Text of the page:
The people who watch this, but do not use the opportunity to ridicule the show, may be the ones we need to worry about.

This is the Ghost of EMS Yet to Come. This is a warning of the way that EMS can be warped by those, who think that louder, faster, more intense, more hopeful, . . . is what makes a difference. Well they do make a difference, but they are all harmful. This show is medical toxic waste.

The most important part of EMS is calming everybody down.

How many people will decide on a job in EMS because of this show? These will be the wrong people for EMS. These will be people who think that they can make something work, just because they want it to work. These will be people who think that they can make something work, just because they want it to make them look good.

One small positive in the show. They do show people dealing with bad outcomes. This is something that might be presented well, but considering the rest of the show . . . .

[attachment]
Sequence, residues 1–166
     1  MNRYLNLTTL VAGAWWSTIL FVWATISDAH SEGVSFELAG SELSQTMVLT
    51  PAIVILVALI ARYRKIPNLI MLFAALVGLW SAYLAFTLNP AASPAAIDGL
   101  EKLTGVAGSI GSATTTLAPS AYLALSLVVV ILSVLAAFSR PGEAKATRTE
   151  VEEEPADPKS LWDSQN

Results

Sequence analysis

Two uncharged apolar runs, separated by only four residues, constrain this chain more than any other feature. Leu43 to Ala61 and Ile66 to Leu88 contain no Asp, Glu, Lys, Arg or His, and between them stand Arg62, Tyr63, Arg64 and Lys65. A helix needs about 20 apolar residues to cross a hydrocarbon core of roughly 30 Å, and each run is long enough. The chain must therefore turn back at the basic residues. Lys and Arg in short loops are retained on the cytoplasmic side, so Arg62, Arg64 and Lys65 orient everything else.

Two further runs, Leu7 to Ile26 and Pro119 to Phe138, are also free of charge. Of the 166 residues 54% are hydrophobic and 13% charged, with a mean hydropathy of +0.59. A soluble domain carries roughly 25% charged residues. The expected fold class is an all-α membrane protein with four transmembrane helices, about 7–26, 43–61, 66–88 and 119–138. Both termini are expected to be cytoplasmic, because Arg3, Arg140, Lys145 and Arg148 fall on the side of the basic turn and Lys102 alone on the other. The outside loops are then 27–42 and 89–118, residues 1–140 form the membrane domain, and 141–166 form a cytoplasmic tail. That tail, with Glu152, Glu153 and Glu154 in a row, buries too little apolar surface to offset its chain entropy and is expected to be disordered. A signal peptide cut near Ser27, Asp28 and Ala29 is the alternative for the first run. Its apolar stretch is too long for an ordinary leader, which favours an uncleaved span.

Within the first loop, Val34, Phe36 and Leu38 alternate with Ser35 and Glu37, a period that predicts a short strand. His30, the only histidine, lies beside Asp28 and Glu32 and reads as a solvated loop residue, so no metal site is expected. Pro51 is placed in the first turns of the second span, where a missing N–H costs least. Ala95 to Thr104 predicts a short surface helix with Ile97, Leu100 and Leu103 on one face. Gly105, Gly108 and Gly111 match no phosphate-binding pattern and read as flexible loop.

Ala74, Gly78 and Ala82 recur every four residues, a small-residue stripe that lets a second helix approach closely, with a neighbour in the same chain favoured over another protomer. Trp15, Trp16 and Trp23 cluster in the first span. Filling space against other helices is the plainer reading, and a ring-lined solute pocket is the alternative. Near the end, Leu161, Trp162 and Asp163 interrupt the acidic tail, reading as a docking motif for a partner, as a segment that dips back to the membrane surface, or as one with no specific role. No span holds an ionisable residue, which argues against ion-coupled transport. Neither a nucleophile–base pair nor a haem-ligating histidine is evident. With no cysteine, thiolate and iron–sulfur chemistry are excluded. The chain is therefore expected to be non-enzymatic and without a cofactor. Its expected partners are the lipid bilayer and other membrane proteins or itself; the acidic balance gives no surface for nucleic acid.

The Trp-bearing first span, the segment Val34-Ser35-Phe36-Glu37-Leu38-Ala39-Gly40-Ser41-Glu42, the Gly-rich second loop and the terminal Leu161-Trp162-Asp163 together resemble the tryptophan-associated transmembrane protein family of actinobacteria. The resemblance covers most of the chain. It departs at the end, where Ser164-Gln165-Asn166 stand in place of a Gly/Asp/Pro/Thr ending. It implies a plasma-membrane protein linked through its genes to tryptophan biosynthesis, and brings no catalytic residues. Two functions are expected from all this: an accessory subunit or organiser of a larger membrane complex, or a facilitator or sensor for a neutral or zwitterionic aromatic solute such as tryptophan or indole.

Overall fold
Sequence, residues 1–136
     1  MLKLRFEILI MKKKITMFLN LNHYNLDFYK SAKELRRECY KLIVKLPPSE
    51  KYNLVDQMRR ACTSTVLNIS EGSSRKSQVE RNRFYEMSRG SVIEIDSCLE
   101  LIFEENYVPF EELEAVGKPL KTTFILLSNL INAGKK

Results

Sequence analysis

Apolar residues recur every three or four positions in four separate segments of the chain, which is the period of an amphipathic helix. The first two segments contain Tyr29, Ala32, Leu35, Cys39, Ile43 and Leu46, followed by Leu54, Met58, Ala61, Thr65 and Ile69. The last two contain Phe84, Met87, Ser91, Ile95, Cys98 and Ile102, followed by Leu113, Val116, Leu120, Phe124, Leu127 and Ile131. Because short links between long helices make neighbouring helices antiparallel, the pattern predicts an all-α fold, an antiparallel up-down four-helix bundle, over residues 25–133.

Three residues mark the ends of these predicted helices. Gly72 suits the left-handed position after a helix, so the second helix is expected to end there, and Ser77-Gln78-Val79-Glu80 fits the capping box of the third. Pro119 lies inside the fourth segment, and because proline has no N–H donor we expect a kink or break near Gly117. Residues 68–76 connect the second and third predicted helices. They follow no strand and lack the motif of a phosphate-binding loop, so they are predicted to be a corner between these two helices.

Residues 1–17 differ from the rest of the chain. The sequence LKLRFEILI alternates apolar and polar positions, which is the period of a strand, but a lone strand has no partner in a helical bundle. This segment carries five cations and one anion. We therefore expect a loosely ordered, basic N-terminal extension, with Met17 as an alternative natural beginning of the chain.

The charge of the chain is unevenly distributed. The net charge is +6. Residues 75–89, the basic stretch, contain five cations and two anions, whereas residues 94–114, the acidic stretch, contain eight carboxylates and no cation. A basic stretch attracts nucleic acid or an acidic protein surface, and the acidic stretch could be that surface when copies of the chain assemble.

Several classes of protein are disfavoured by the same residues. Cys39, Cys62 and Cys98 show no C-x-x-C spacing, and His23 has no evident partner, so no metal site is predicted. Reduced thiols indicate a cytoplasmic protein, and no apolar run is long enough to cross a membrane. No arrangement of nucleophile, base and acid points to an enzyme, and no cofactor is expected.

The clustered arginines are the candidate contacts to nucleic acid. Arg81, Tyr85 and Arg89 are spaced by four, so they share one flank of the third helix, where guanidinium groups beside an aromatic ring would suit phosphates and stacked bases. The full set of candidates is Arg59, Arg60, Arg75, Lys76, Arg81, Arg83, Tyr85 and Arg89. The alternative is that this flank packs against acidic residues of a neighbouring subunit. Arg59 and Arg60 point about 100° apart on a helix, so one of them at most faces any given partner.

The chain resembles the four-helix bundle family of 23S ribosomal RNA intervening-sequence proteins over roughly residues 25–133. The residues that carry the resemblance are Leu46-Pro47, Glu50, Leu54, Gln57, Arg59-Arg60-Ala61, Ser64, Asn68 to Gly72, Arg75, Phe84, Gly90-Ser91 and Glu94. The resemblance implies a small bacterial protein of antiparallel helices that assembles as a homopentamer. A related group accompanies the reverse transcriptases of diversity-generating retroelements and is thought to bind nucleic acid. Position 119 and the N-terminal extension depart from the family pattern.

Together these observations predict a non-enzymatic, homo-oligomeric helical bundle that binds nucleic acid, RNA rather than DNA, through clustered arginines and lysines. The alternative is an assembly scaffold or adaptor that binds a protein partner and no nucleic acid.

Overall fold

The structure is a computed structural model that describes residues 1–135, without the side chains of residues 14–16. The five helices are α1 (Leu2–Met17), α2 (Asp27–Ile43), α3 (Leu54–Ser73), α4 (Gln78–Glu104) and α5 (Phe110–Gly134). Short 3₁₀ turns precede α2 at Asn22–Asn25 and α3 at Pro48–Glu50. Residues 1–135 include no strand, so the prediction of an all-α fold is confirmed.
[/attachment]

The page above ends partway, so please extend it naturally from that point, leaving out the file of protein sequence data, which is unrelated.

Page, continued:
There was a letter written to Resuscitation that described part of the problem with intubation instruction.

Many trainees reported limited supervision or hands-on training. Remarkably, however, when asked how they had therefore learned, after “trial and error”, a surprising number answered that television medical dramas had been an important influence. Almost all had seen intubation on television, and “ER” was by far the most common source.[1]

In examining the problem, they looked at how well ER portrayed positioning of the head for intubation.

We therefore assessed these three components in the 41 intubation attempts that occurred over the 42 episodes that comprised the latest two seasons of “ER”. Fourteen were excluded due to inadequate view, and 5 more involved cervical-spine precautions which precluded optimal positioning. Of the remaining 22, none (0/22) achieved more than one, let alone all three, components of optimal airway positioning.[1]

In other words, if you are trying to learn from a TV drama, I pity your patients.

You are looking at TV drama for examples of good patient care. You see that they have a bunch of people listed.